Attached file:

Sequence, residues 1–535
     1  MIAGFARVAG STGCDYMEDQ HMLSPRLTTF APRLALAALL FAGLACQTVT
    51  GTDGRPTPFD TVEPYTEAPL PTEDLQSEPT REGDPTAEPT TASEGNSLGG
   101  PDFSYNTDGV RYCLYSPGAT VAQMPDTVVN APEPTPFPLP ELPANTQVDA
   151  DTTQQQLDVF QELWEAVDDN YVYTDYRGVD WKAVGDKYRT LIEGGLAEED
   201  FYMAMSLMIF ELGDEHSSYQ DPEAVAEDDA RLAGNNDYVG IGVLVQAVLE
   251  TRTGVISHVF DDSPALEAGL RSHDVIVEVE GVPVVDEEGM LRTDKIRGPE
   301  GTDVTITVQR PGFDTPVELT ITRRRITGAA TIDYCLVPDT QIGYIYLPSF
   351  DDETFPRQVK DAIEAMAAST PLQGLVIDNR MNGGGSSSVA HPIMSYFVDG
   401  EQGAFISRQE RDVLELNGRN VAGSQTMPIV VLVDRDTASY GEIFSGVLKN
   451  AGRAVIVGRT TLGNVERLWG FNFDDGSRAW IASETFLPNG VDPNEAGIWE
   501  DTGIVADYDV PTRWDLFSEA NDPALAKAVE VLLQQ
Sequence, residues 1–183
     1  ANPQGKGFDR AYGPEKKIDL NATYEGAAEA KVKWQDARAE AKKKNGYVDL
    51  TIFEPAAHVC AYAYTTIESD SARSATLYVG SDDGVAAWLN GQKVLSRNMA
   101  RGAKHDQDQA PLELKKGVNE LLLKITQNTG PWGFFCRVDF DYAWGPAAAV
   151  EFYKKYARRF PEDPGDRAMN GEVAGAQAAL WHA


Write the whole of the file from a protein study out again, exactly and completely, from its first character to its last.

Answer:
Sequence, residues 1–535
     1  MIAGFARVAG STGCDYMEDQ HMLSPRLTTF APRLALAALL FAGLACQTVT
    51  GTDGRPTPFD TVEPYTEAPL PTEDLQSEPT REGDPTAEPT TASEGNSLGG
   101  PDFSYNTDGV RYCLYSPGAT VAQMPDTVVN APEPTPFPLP ELPANTQVDA
   151  DTTQQQLDVF QELWEAVDDN YVYTDYRGVD WKAVGDKYRT LIEGGLAEED
   201  FYMAMSLMIF ELGDEHSSYQ DPEAVAEDDA RLAGNNDYVG IGVLVQAVLE
   251  TRTGVISHVF DDSPALEAGL RSHDVIVEVE GVPVVDEEGM LRTDKIRGPE
   301  GTDVTITVQR PGFDTPVELT ITRRRITGAA TIDYCLVPDT QIGYIYLPSF
   351  DDETFPRQVK DAIEAMAAST PLQGLVIDNR MNGGGSSSVA HPIMSYFVDG
   401  EQGAFISRQE RDVLELNGRN VAGSQTMPIV VLVDRDTASY GEIFSGVLKN
   451  AGRAVIVGRT TLGNVERLWG FNFDDGSRAW IASETFLPNG VDPNEAGIWE
   501  DTGIVADYDV PTRWDLFSEA NDPALAKAVE VLLQQ
Sequence, residues 1–183
     1  ANPQGKGFDR AYGPEKKIDL NATYEGAAEA KVKWQDARAE AKKKNGYVDL
    51  TIFEPAAHVC AYAYTTIESD SARSATLYVG SDDGVAAWLN GQKVLSRNMA
   101  RGAKHDQDQA PLELKKGVNE LLLKITQNTG PWGFFCRVDF DYAWGPAAAV
   151  EFYKKYARRF PEDPGDRAMN GEVAGAQAAL WHA